The High Street has an opportunity to adapt and change. Indeed it must offer an experience to draw in customers. One that competes with internet shopping and out of town retailers.

    Critical to this reform is the attitude of councils towards parking. If the high street is to thrive shoppers must be able to access it with their vehicles.

  • rate this
    +2

    Comment number 225.

    Even the Gold buyers are pulling out, around here.

  • rate this
    0

    Comment number 224.

    The figures presented indicate almost no change, so why the headline? 13.9% is very little better than 14.6%. Perhaps you could use a log scale instead of a lin one to make it look good? There has always been a SE to everywhere else divide because 1) The SE is next to Europe 2) London contains state bodies with higgh earnes artificially taking money from rest and putting it into the SE.

  • rate this
    0

    Comment number 223.

    I wonder how many of the 2,000 shops that are monitored for this survey are in Brighton & Hove, where there are a lot of sad, empty shops. I've also noticed here though a high number of shops that close very quickly after they open, because they've made very simple business errors such as picking the wrong location etc.

  • rate this
    +1

    Comment number 222.

    If people are not going into town centres, what is the point of opening shops? Are we promoting the idea of failing small businesses. Shops need customers. The customers have moved on...

  • Comment number 221.

    All this user's posts have been removed.Why?

  • rate this
    +1

    Comment number 220.

    Thats Britain in a nutshell for you the masters of thier own destruction Im sure they should have lived Russia Thats why I cant be bothered with this country anymore wasting my bloody time with some of them (really silly people) All thier own doing this Typical attitude , "If I dont win your not going to win " , "Cant stand loisng so they try to take everyone with them "

  • rate this
    +10

    Comment number 219.

    Just another example of the North-South divide and growing wealth inequality and reducing job opportunities. Britain is no longer a country; its more a set of independent regions. The South gets all the investment and business growth and the North continues to suffer.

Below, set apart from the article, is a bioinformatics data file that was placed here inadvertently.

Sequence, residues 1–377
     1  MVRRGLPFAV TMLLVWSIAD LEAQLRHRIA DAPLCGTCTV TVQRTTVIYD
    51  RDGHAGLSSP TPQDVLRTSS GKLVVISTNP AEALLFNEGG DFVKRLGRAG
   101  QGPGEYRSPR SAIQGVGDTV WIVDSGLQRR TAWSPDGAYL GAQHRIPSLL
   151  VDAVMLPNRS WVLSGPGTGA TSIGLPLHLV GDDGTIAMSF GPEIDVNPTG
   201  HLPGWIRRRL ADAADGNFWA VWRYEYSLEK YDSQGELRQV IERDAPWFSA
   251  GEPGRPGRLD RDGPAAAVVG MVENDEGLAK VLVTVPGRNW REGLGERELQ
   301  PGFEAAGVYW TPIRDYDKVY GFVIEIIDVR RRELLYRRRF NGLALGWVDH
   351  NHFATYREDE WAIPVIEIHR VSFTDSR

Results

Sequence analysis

• rate this
    +41

    Comment number 218.

    Woolworths Gone, HMV Gone, Jessops Gone, Blockbuster Gone, Comet Gone, JJB Gone, Clinton cards Gone, Game Gone, Peacocks Gone, Past times Gone, Currys Gone... but hey Poundland, Pound Zone, Home Bargains, Giftworld, B&M, Cheque Centre, Payday loans all coming in to fill the gaps... If this is the so called recovery imagine what another collapse would look like!

  • rate this
    +3

    Comment number 217.

    Research drivel to make us all think the recession has ended when even Miliband says "more cuts needed" in the other HYS topic.

    Must an election coming up. Prepare to have the wool pulled over your eyes.

    The empty shops in my highstreet are now charity shops, as it is in most towns.

    Extortionate rates prevent many new businesses starting up.

  • rate this
    0

    Comment number 216.

    These big multinationals and their tradition props the small independent businesses have pretty much brought this upon us all by lapping up the propaganda put about by the government and being willing to victimise the poor, unemployed, ill and disabled. Why on earth would I want to help them? I much prefer online or second hand. Look at the figures!!!! 14.6% to 13.9% is next to nothing!!!

  • Comment number 215.

    This comment was removed because the moderators found it broke the house rules. Explain.

  • rate this
    +3

    Comment number 214.

    Convert them into dwellings. There are far too many shops as it is.